Colour-drenched canvas at Chisenhale Gallery: Rachel Jones say cheeeeese review
The London artist’s first solo show at the East-London exhibition space uses her signature splashes of colour to create an immersive experience.
Wander a little off of Roman Road and down Vivian Road, a serene residential street dotted with Victorian terraced houses, and you’ll come across Chisenhale Gallery, an exhibition space renowned for championing emerging UK and international artists.
Housed on the ground floor of a former 1930s veneer factory, a group of artists took notice of its potential in the 1980s and renovated the space. Tucked away on a quiet street near Victoria Park, the cool quiet of the exhibition space starkly contrasts with the bustle of the nearby picnics and pubs.
And it’s in this former factory that the gallery’s grey industrial interior juxtaposes starkly with the vivid, colourful canvases of its current exhibition.
Rachel Jones’ first solo exhibition, say cheeeeese, comprises varying sized works, including an earthy textured arrangement not much bigger than a postcard, to expansive, freestanding canvases that are best viewed from 10 paces away.
All the works feature glorious composition of colours, with long dashes of yellows, pinks, whites and reds suggesting the teeth encased in the suggested smiles of her subjects. The colours and their arrangements appear to have been chosen to raise the endorphins of the audience. Sunshine yellows and fiery reds are splashed alongside nettle greens and browns to create compositions that are both pleasing and intriguing.
Jones’ work warrants an extended gaze to allow hidden shapes to emerge and take a more rigid form. Sandy brown streaks create the outline of a beached whale, mouth agape and gasping for air atop a beach of black and white zig-zags. Splashes of greens and browns start to resemble a pastoral countryside landscape and sinewy strokes of yellows suggest a seabed of anemones. Colours that, at first, seem distinct and separate start to merge and morph and at points suggest mouths trying to consume each other.
The sheer scale of some of the pieces that tower over the tallest of patrons gives the feeling of being engulfed in Jones’ pastels, while the smaller sized works draw you in by requiring a closer look to appreciate their intricate detail. The size of the work combined with the vibrancy of the pieces encourages the immersive experience of the collection; a technique that Jones has used in previous exhibitions.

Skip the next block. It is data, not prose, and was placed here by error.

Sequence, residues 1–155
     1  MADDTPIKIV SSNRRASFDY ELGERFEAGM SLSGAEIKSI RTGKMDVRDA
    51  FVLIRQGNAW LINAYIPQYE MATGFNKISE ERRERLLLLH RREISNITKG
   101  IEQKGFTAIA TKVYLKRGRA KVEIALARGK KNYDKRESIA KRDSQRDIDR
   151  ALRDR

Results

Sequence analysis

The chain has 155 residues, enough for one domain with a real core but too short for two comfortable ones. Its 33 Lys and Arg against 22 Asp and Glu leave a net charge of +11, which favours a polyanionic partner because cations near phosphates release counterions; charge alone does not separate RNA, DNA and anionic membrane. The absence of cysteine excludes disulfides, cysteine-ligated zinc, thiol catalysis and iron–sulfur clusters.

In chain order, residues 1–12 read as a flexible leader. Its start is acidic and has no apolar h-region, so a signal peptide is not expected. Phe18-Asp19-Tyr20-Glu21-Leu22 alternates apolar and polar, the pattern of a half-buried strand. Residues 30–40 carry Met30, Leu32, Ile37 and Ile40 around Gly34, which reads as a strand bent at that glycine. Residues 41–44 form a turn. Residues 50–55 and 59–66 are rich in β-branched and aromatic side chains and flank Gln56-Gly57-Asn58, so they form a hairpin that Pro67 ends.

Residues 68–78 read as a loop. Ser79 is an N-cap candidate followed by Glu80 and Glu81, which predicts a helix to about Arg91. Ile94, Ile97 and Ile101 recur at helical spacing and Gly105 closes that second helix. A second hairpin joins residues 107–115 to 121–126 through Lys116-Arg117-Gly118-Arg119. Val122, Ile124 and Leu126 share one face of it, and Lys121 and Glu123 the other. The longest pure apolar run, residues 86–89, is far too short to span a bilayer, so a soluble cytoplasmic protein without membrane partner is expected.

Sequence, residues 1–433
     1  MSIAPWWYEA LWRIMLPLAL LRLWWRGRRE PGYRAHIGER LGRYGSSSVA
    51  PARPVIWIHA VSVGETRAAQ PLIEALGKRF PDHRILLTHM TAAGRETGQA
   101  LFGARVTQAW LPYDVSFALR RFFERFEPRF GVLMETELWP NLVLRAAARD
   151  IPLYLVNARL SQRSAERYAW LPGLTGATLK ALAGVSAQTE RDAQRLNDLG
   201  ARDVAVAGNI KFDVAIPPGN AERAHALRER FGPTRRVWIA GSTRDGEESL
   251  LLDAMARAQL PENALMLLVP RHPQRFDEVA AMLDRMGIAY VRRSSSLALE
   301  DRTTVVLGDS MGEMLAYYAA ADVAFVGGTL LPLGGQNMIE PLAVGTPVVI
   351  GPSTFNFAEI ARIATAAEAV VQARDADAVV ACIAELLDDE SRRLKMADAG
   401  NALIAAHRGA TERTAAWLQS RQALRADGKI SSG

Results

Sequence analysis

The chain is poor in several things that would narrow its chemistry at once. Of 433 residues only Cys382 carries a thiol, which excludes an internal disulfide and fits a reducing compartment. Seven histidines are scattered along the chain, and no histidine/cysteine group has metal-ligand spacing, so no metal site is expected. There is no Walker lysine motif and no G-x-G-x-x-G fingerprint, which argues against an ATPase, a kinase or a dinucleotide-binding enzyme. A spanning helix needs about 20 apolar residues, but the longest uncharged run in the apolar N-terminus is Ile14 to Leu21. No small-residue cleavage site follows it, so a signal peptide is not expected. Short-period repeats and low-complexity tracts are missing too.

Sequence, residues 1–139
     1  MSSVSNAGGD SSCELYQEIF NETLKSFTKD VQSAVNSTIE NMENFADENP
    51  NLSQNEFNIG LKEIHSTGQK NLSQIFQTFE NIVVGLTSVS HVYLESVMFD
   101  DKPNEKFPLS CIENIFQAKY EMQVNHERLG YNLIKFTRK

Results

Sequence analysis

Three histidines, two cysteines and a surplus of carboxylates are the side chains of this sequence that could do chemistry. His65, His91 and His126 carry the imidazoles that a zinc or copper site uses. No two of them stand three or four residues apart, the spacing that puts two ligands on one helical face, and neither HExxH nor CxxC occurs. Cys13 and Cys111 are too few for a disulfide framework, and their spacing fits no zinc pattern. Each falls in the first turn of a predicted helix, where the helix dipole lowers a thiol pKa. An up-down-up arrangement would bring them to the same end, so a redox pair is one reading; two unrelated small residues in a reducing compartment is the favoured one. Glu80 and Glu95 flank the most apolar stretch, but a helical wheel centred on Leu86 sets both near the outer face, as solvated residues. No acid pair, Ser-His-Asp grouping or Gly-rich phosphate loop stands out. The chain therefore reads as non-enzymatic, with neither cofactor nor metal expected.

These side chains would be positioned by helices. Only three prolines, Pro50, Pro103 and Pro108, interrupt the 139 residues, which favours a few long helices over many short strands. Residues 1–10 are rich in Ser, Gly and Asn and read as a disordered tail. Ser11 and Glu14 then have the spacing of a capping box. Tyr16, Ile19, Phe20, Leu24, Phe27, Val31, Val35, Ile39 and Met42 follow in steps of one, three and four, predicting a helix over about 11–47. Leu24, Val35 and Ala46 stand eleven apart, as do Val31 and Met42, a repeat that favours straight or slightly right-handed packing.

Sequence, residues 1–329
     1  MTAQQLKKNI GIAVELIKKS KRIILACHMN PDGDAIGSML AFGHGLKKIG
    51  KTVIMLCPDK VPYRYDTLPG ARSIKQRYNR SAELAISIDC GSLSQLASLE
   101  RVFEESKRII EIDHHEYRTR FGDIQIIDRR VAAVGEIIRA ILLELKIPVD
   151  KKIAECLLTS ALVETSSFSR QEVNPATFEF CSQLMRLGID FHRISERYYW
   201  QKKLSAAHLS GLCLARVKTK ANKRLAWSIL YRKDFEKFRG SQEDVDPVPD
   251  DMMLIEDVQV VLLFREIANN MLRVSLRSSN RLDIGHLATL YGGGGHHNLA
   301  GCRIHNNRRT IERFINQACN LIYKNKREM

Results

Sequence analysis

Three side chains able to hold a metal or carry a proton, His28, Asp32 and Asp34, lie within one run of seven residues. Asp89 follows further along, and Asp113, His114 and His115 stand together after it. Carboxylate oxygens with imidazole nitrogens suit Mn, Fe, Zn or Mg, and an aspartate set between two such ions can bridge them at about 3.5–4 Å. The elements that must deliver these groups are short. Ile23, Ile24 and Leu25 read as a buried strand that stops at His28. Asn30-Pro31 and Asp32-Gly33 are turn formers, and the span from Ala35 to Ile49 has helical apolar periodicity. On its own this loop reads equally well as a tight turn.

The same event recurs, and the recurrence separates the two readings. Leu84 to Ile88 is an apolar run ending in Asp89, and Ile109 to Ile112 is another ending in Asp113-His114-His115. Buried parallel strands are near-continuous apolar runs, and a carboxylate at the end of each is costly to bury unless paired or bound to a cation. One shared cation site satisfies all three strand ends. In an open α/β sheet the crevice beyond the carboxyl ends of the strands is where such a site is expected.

Jones was born in Whitechapel and studied Fine Art at the Glasgow School of Art and the Royal Academy of Art. Early on in her career, the 31-year-old drew abstract body parts including a series of drawings with eyes. She explained in an interview that this focus on eyes came from her experience of being stared at as a black woman and the sense of hyper-visibility and sensitivity that it created. Her other most recent exhibitions, SMIIILLLLEEEE at Ely House in Mayfair and A Sovereign Mouth at Gallery 12.26 based in Dallas, Texas, also explored using images of teeth and mouths to explore inner worlds and complex emotions that are sometimes hard to verbalise.
The attraction to drawing mouths came from her interest in the universality of our mouths being a source of both pleasure and pain, which people experience differently depending on their cultural history, race or gender. Although say cheeeeese uses her signature explosive palette of colour, there appear to be fewer distinct shapes compared to previous exhibitions, Instead, blocks of colour freely flow into one another.
Currently in its 39th year, Chisenhale Gallery has become renowned for working with and supporting artists that create innovative and exciting work. The open plan space is adapted to suit each exhibition, and the gallery team collaborate closely with each artist to develop their work. The gallery also hosts events and opportunities for the community to interact with the art and the creative process. In recent years, these have included creative careers days for local schools, where students could discover how to pursue a career in the creative industries and art activity days for families.
The joy of an exhibition like say cheeeeese is finding out how other people interpret the work. What do they experience from spending time with the art? What shapes and motifs start to form for them over time? It may be that it’s difficult to articulate exactly how a piece in the collection makes you feel, as Jones’ has said of her work: ‘You can use colour and shape and form to speak to people in a way that isn’t about a spoken language. It’s about emotion and inciting feelings that don’t have to be explained or expressed.’
Whether you’re inclined to vocalise your experience with the works or prefer to keep them private, it’s likely that you’ll leave say cheeeeese with a smile.
If you enjoyed this, then read our piece on The Line Art Walk.
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